Highlighted

Enhance your photos quickly using adjustment layers

Adobe Employee ,
Nov 26, 2019

Copy link to clipboard

Copied

Learn the difference between a global adjustment layer and a clipped adjustment layer

 

Are you uncertain whether you need to use a global adjustment layer or a clipped adjustment layer? This tutorial  demonstrates the difference so you can choose the correct option.  If you create a global adjustment layer above several layers, it will modify all the layers below it. If you do not want all the layers modified, but want to adjust just one of the layers, use a clipped adjustment layer.  Try the demo below for yourself to see how both types of adjustment layers work.

 

flower global vs clipped adjustement.jpg

 

*Before you begin, you may want to review these links

 

 

Now that you are familiar with the workspace and layers, lets begin:

 

Start by creating a new file

  • Open Photoshop on your iPad and tap import and open in the bottom left corner.
  • Choose the size you prefer.

 

 

➋ Add shapes on different layers

  • ·Tap + on the taskbar on the right to create a new layer.
  • Long press (touch and hold) the select tool in the toolbar on the left until the select flyout appears

 

IMG_0677.PNG

 

 

 

  • Tap the rectangular marquee tool to select it.

 

IMG_0638.PNG

 

 

  • Click and drag to create a rectangle.

         (*TIP: holding a finger on the adjustment modifier will constrain your shape to a square)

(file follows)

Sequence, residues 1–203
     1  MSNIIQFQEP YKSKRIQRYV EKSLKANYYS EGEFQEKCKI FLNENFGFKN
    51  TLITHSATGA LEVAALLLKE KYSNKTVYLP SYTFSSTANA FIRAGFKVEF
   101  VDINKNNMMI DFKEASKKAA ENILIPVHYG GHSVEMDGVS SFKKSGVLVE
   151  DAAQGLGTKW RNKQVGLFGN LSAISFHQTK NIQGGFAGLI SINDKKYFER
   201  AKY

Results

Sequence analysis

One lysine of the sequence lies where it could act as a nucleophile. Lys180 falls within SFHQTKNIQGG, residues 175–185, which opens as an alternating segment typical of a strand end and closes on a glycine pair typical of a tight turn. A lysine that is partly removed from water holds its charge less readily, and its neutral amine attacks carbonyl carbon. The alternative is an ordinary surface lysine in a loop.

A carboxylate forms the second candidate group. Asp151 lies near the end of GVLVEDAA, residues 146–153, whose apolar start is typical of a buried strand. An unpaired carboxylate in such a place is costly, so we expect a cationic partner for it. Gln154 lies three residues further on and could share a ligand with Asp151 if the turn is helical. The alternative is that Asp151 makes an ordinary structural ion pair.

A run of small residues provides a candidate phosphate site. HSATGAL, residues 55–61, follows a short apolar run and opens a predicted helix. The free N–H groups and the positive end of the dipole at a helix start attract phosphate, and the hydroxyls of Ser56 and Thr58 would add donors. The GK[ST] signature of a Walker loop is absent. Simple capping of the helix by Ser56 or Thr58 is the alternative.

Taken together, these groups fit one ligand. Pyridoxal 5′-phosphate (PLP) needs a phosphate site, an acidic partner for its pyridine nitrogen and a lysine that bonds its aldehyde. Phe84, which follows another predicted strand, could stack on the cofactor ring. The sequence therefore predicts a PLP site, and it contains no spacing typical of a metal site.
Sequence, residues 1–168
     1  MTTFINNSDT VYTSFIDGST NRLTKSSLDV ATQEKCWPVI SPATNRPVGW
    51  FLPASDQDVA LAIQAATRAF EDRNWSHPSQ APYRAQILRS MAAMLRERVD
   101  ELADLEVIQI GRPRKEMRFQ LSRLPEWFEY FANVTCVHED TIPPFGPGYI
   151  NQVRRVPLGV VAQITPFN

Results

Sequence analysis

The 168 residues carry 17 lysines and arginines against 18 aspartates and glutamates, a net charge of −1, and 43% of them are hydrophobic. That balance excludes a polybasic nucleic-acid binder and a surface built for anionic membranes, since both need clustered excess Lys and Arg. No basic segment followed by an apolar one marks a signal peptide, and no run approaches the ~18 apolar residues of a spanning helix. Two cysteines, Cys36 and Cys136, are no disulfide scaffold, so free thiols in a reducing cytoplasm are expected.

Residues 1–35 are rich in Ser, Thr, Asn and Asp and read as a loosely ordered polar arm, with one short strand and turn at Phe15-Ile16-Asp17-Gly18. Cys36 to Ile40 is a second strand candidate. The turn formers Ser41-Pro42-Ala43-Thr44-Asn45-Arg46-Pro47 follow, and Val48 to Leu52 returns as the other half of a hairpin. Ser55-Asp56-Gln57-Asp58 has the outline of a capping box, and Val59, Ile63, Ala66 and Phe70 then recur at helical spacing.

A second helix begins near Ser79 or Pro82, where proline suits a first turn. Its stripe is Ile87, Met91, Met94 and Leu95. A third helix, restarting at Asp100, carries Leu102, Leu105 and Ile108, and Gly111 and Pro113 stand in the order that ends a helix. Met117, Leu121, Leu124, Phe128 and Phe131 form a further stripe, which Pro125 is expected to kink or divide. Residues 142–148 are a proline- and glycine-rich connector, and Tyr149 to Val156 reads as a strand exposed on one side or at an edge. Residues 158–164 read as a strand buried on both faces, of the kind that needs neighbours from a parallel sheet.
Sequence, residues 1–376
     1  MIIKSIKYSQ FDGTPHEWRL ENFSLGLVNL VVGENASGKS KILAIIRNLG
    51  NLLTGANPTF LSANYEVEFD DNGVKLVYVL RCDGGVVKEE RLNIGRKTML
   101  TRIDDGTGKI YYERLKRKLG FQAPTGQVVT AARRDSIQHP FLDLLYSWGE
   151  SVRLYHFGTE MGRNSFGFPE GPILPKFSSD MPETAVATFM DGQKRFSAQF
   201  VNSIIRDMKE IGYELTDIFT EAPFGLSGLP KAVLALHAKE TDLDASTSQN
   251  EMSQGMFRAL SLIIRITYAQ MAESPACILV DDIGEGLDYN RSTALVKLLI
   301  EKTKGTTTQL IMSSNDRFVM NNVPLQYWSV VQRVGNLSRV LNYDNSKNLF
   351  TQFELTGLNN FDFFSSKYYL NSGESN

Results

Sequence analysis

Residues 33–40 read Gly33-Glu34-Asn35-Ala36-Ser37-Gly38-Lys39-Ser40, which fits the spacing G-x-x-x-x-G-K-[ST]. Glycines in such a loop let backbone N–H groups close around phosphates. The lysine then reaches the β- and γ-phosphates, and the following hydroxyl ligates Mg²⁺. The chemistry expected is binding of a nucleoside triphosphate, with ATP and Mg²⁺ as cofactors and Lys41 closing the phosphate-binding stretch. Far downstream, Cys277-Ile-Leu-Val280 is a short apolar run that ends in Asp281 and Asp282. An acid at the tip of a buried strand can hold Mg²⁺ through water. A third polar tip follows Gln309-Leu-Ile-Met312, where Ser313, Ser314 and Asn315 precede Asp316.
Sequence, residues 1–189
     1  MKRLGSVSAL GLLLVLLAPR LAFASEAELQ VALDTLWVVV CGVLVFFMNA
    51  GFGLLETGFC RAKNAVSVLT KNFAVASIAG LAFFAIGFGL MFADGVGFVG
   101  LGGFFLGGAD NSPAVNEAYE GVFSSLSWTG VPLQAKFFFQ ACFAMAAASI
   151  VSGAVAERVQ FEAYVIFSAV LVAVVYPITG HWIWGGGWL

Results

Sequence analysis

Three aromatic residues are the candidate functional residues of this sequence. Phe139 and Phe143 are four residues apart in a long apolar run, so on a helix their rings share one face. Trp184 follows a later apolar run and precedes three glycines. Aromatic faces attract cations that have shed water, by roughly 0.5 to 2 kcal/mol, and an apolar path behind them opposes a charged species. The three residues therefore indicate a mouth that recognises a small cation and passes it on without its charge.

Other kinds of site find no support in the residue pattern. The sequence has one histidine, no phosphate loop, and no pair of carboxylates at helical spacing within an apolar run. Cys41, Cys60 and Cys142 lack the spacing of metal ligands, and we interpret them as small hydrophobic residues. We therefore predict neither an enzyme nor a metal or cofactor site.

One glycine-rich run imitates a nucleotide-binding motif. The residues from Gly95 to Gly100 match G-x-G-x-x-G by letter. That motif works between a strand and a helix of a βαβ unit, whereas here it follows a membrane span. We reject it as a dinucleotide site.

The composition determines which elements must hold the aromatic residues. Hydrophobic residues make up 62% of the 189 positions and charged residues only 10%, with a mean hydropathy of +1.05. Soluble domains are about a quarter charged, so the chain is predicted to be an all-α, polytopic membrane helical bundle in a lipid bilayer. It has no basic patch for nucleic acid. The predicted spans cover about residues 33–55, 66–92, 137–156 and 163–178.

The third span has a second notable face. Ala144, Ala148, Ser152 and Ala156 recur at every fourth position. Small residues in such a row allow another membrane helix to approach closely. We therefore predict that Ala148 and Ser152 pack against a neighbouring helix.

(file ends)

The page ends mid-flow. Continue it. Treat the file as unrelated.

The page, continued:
IMG_0639.PNG

 

 

 

  • Tap on the color chip on the toolbar and select a color.

 

IMG_0640.PNG

 

 

  • Tap on the fill bucket on the toolbar

 

IMG_0641.PNG

 

 

  • Now, tap inside your selected shape to fill it with color.

 

IMG_0642.PNG

 

 

  • Tap deselect on the active selection properties bar at the bottom of the workspace to deselect the selection.

 

deselect.jpg

 

 

  •  Your workspace shold now look like this:

 

IMG_0643.PNG

 

 

  • Tap + on the taskbar on the right to create a another new layer.

 

IMG_0674.PNG

 

 

  • Tap on the color chip on the toolbar and select a different color.

 

IMG_0644.PNG

 

 

  • Touch and hold the select tool in the toolbar on the left and tap the elliptical marquee tool to select it.

 

IMG_0675.PNG

 

 

  • Click and drag to create an ellipse.

          (*TIP: holding a finger on the adjustment modifier will constrain your shape to a circle)

 

IMG_0646.PNG

 

 

  • Tap on the fill bucket on the toolbar and tap inside your selected shape to fill it with color, just as we did with the green square in the previous layer.

 

IMG_0676.PNG 

 

  • Tap deselect on the active selection properties bar at the bottom of the workspace.

 

deselect.jpg

 

 

  • Now you have two shapes on two different layers.

 

 

➌ Add a global adjustment layer

  • Long press the + on the taskbar on the right until you see the flyout with options.

 

IMG_0647.PNG

 

 

  • Select adjustment layer

 

IMG_0648.PNG

 

 

  • Tap on Hue/Saturation to create a global Hue/Saturation Adjustment layer.

 

IMG_0649.PNG

 

 

  • Slide the Saturation slider to the left to desaturate the layers. Sliding all the way to the left will remove all color.

 

IMG_0650.PNG

 

 

  • Now, to hide that adjustment for now, tap on the eyeball in the taskbar along the right side. You will see an icon in the compact layer view for that layer, indicating that it is now hidden. You will also noticet that the effect of the global adjustment is also being hidden.